A second automated production cell has been installed at the Tamworth, UK, factory of Alcon Components to cope with, what the company describes as, ‘worldwide demand for its monobloc brake calipers’. The brake components are machined from aluminium or lithium billet for motorsport race cars and high-performance road cars, as well as from cast iron for military vehicles.
Similar to the original automated system installed in February 2007, the latest configuration is based on a bigger Hermle 5-axis vertical machining centre, a model C 32 U with 650 x 650 x 500 mm axis travels, reflecting the fact that brake calipers have become larger during the past decade. Supplied by Geo Kingsbury, UK agent for the German machine manufacturer, the C 32 U has been equipped with an Erowa Robot Easy that stores twelve 210 mm diameter pallets, which are transferred to and from the working area by a horizontally-travelling load / unload arm.
When the first cell went in, it allowed brake calipers to be produced in two operations totalling about eight hours. Total cycle times were halved compared with the former process of producing them in four, five or six operations on 4-axis, horizontal-spindle, twin-pallet machining centres. Handling times, floor-to-floor times and work-in-progress were also drastically reduced.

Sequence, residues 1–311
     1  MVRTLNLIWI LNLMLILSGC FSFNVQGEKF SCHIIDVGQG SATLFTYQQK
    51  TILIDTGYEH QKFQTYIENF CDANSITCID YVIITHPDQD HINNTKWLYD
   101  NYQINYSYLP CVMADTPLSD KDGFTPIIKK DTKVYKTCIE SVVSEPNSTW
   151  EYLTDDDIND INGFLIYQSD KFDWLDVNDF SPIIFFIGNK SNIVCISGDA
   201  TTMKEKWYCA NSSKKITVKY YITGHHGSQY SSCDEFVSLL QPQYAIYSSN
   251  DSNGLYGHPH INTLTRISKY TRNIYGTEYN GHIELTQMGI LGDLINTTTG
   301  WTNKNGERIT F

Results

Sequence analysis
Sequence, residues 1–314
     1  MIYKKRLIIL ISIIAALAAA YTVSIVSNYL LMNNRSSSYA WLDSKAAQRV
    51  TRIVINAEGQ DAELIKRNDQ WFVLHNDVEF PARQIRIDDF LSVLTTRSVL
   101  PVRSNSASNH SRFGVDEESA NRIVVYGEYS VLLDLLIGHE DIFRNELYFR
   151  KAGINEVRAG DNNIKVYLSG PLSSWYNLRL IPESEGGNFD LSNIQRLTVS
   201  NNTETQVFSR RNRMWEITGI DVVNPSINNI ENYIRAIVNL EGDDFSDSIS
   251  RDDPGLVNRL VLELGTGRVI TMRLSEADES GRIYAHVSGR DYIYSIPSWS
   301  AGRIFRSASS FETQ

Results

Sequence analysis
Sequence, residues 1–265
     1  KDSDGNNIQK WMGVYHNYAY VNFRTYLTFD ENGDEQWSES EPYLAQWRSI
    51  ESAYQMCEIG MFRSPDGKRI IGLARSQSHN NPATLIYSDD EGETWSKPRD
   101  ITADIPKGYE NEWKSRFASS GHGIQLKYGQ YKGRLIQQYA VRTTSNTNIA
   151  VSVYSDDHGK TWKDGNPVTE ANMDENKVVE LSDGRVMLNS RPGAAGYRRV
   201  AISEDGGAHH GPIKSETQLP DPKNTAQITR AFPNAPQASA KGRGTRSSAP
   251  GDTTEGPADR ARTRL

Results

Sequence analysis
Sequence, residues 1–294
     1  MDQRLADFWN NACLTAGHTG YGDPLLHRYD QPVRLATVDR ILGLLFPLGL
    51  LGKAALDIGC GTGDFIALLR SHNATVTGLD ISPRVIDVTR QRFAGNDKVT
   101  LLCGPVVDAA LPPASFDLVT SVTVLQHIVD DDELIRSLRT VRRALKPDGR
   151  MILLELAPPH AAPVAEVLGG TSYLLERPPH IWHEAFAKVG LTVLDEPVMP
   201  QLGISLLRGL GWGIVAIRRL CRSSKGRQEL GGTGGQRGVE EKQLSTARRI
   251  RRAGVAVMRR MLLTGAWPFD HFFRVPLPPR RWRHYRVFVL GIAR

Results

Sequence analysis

“The first automated system from Geo Kingsbury for machining calipers proved so successful that we had no hesitation in following a similar route this time. All of the production benefits apply to the second cell as well,” explained Alcon’s production engineering manager Brian Cutler. “The Erowa pallet pool is positioned a little differently, in front of the machine rather than to the side, but it is set back far enough for the operator to have unrestricted access to the working area. This is important, as much of the day shift is spent setting and proving-out new prototypes, with the remainder of the 24 hours devoted to running production batches.”
As on the previous Hermle C 20 U, the latest full 5-axis machine is equipped with Blum laser tool breakage monitoring and length setting, Renishaw part probing, an 18,000 rpm HSK 63 spindle, 80 bar through-tool coolant and a 117-position tool magazine. Comprehensive swarf management has been provided, consistent with unattended production from light alloys.
Designs are produced in SolidWorks and Open Mind’s hyperMILL CAM software is mainly used for creating the cutter paths prior to program transfer to the Heidenhain control fitted to the Hermle C 32 U.